Adviser for ECOSOC
New York, New York
November 23, 2021
Explanation of Vote for the Adoption of the Unilateral Economic Measures as a Means of Political and Economic Coercion against Developing Countries Resolution
Thank you, Chairperson.
The United States has consistently opposed this resolution in prior years, and we do so again today. Sanctions are an appropriate, effective, peaceful, and legitimate tool for addressing threats to peace and security. They can be used to promote accountability for those who abuse human rights, undermine democracy, or engage in corrupt activities. In cases where the United States has applied sanctions, we have done so with specific objectives in mind, including the promotion of democratic systems, rule of law, respect for human rights and fundamental freedoms, or to respond to security threats.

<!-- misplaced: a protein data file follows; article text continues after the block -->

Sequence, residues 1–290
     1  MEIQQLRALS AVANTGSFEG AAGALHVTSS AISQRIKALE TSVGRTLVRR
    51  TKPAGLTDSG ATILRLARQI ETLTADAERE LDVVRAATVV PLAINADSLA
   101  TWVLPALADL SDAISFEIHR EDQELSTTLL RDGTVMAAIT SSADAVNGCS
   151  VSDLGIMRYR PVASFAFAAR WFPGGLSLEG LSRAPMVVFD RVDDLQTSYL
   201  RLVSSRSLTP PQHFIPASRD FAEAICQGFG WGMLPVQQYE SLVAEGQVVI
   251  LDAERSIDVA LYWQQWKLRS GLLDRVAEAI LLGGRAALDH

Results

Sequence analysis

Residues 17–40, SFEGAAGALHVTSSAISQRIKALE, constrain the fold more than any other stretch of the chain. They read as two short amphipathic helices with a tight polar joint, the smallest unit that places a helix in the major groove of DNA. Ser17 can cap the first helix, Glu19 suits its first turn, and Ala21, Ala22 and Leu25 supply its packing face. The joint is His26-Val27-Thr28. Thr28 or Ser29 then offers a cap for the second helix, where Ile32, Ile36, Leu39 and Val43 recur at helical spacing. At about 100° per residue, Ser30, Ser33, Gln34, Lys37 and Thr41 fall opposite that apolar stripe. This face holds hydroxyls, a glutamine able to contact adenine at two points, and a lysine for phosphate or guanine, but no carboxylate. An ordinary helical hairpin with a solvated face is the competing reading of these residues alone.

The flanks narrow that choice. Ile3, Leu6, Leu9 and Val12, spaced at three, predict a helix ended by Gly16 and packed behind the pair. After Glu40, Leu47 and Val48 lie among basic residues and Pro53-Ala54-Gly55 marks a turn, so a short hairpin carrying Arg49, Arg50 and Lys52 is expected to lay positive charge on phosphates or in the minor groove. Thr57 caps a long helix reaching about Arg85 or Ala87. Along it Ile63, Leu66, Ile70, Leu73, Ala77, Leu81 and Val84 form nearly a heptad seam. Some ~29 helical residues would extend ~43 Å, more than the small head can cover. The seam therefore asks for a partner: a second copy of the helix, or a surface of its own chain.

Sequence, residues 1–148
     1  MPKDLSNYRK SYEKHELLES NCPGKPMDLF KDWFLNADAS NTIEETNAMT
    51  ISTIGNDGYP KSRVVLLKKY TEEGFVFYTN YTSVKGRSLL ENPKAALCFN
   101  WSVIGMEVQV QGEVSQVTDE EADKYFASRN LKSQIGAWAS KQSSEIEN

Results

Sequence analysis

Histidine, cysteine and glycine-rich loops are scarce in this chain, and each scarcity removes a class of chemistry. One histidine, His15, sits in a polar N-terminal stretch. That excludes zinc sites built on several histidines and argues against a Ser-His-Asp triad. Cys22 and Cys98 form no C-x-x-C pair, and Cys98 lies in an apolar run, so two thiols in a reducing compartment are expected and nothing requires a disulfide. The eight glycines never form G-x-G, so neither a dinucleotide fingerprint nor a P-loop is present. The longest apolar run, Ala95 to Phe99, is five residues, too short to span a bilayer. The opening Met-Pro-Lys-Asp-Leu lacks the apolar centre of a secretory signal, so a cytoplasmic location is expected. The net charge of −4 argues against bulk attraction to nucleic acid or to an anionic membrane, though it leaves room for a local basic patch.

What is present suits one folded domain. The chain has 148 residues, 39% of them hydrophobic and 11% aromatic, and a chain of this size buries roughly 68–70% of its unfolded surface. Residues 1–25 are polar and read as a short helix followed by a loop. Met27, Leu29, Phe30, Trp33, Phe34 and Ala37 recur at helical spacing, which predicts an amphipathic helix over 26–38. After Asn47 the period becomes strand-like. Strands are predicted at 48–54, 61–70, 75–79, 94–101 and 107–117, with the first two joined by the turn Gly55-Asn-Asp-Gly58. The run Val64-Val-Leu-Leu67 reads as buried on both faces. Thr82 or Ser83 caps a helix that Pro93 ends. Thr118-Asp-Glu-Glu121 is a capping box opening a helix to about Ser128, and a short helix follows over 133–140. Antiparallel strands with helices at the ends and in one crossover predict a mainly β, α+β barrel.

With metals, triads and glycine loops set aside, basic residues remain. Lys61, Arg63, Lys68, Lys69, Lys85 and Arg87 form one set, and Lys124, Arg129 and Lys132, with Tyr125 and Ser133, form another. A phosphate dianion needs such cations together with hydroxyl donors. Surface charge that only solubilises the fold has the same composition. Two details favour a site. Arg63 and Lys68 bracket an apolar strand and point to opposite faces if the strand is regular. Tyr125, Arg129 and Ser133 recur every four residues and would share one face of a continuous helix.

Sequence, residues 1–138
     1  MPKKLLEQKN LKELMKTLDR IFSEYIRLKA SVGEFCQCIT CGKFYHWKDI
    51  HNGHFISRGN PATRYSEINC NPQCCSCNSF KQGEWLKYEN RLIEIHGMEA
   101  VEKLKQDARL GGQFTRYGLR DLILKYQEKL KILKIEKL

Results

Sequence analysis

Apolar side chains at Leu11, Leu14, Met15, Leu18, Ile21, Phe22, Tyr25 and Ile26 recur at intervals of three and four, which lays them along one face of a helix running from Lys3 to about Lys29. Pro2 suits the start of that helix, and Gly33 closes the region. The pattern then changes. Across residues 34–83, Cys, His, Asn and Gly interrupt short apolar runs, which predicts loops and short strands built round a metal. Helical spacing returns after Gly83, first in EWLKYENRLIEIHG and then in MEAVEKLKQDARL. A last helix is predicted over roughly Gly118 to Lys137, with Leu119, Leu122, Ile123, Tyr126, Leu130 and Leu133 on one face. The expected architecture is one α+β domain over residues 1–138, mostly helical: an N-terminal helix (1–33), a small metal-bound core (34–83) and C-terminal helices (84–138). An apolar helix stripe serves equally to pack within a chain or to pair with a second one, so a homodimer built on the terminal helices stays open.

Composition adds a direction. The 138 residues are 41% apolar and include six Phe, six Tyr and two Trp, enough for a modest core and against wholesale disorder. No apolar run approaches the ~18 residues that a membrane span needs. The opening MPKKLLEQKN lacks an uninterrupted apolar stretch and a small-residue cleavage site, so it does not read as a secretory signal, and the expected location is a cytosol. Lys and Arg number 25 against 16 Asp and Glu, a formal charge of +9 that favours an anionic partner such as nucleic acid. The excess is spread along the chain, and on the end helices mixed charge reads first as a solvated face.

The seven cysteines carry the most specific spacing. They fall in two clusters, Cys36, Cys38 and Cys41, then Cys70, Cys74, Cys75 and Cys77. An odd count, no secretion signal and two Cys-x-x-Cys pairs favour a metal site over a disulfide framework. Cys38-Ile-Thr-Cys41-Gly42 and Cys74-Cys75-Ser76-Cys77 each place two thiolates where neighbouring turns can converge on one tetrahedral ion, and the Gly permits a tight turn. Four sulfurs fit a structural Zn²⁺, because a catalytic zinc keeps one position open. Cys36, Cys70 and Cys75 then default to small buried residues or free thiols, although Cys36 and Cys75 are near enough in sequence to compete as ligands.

As we implement these restrictions, we also regularly take measures to minimize unintended negative consequences. For example, earlier this year, the United States took concrete action to minimize the impacts of sanctions on aid to stem the COVID-19 pandemic globally, including in Syria and Venezuela. We actively facilitate the provision of legitimate aid to the Syrian and Venezuelan people, even while Assad and Maduro actively work to restrict it. Indeed, we are the leading donor of humanitarian assistance to both countries, providing billions of dollars in aid on the basis of need.
Just last month, the U.S. Department of the Treasury released a statement affirming the United States will continue to seek ways to tailor sanctions to mitigate unintended economic, humanitarian, and political impacts on non-targeted individuals abroad and support the flow of legitimate humanitarian goods and assistance.
Sanctions are a legitimate way to achieve foreign policy, national security, and other national and international objectives, and the United States is not alone in that view or in that practice.
For these reasons, we must vote against this resolution and urge others to also do so. Thank you.